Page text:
Catholic organisations working to eradicate modern slavery have praised measures in the Budget to support victims and survivors of human trafficking and the establishment of a national anti-slavery commissioner.
Australian Catholic Religious Against Trafficking in Humans (ACRATH) hailed the federal Government’s Budget decision to offer victims and survivors of human trafficking the opportunity to access support without involvement of law enforcement, as a momentous achievement.
Before Tuesday’s Budget announcement, a trafficking victim’s ability to access the Support for Trafficked People Program was dependent on their capacity to assist police in a criminal investigation or prosecution.
ACRATH executive officer Christine Carolan said the Budget announcement was one of the most important decisions ever made by a federal government in support of survivors of human trafficking.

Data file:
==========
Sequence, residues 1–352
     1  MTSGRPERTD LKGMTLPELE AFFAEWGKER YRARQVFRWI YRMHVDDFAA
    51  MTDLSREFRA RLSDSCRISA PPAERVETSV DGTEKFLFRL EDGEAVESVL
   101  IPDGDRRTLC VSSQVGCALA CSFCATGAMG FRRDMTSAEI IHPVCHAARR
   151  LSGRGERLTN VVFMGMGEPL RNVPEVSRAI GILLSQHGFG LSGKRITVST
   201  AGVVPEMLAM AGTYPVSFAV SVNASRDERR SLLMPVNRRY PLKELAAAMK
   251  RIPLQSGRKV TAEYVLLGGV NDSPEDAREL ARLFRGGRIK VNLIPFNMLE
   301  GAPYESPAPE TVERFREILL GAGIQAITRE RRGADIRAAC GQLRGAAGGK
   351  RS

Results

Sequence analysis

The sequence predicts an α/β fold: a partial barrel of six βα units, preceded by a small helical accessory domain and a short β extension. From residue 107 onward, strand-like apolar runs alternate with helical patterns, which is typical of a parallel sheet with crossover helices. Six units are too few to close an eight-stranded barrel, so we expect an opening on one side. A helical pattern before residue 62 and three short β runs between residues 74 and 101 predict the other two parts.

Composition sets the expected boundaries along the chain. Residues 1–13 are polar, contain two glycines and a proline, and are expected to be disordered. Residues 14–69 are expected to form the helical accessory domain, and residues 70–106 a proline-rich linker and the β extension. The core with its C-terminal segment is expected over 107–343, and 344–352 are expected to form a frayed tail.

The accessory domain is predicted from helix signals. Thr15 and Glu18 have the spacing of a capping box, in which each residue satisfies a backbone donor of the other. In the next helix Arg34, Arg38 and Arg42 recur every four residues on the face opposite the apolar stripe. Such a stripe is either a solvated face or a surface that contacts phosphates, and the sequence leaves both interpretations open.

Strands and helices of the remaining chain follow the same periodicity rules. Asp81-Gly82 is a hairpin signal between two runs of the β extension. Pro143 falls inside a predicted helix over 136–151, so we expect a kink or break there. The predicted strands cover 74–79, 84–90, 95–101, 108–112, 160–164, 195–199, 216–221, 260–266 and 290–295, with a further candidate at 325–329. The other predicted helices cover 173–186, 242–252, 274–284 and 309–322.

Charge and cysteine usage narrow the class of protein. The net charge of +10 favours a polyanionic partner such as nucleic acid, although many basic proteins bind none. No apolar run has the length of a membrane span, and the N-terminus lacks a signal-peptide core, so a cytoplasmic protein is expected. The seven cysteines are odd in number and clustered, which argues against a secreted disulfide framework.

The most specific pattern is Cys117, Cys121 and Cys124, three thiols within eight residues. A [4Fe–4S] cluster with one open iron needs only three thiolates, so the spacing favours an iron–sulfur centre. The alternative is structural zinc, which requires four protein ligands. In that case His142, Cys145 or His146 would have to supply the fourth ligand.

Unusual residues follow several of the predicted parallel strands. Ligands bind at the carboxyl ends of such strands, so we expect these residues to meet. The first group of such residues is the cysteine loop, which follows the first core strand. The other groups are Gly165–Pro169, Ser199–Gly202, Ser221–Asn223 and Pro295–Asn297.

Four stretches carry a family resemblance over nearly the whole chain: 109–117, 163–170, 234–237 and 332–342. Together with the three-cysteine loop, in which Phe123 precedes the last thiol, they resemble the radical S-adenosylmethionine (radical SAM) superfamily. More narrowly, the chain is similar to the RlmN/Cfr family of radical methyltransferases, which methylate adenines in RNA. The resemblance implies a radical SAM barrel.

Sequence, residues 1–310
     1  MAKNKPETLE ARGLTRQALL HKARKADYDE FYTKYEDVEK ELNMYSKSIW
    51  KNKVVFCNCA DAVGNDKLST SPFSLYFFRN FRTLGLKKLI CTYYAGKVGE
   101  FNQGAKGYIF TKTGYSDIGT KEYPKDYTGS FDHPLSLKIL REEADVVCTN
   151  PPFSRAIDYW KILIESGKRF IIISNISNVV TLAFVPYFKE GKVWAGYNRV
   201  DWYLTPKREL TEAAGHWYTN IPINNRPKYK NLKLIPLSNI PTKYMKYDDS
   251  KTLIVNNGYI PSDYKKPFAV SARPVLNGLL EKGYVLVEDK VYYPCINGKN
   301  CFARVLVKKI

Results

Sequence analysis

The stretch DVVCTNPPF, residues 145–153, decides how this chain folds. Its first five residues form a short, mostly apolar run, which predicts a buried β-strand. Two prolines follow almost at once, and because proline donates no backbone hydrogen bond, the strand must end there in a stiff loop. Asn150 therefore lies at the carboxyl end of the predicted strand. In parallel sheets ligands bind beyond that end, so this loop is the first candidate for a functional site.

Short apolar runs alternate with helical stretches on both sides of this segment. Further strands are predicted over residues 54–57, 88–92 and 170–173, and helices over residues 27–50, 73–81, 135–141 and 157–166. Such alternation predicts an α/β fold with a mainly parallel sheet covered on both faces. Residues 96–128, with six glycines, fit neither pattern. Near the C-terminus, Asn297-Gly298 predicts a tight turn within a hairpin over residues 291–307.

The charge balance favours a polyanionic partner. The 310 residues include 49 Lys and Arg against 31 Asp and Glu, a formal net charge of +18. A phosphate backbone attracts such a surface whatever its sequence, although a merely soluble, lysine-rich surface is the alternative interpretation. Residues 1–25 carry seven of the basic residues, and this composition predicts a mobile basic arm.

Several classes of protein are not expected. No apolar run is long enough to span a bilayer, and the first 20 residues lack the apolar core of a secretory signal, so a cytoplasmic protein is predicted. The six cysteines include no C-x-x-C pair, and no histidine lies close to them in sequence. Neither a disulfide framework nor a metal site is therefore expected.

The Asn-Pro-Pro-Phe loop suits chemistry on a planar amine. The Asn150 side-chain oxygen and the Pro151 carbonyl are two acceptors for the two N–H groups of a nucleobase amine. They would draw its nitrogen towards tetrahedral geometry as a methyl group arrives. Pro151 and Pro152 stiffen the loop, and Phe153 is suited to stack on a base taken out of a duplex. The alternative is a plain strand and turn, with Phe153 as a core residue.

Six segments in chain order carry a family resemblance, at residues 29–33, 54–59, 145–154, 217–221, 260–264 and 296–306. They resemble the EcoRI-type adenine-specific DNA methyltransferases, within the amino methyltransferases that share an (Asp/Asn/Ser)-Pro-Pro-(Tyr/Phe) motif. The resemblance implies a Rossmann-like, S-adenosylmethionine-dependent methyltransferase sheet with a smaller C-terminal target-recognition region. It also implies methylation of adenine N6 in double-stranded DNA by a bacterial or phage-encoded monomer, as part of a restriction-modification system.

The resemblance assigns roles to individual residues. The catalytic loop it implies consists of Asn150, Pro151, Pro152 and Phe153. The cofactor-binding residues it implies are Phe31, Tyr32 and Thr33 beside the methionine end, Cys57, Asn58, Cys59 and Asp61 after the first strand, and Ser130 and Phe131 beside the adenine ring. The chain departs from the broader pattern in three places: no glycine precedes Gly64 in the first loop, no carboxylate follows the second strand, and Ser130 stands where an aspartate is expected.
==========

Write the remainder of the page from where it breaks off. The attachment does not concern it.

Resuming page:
“For almost two decades we have tenaciously raised this issue with ministers and public servants. And about five years ago we joined an NGO network to work intensively to achieve this. This change will make such a difference to so many people, especially those who have been trafficked but who don’t want to speak about their circumstances with the police,” Ms Carolan said.
The Budget also provides $8 million over four years from 2023–24 (and $2 million per year ongoing) to establish an Anti-Slavery Commissioner.
“The Australian Catholic Anti-slavery Network overwhelmingly supports the establishment of a Commonwealth Anti-Slavery Commissioner. This role will ensure modern slavery is a high priority issue for government, business and civil society and accountability for action and inaction,” said ACAN chair John McCarthy.
“I think an Anti-Slavery Commissioner can make a major impact since the Commonwealth is the largest procurer of goods and services with the most leverage in Australia.”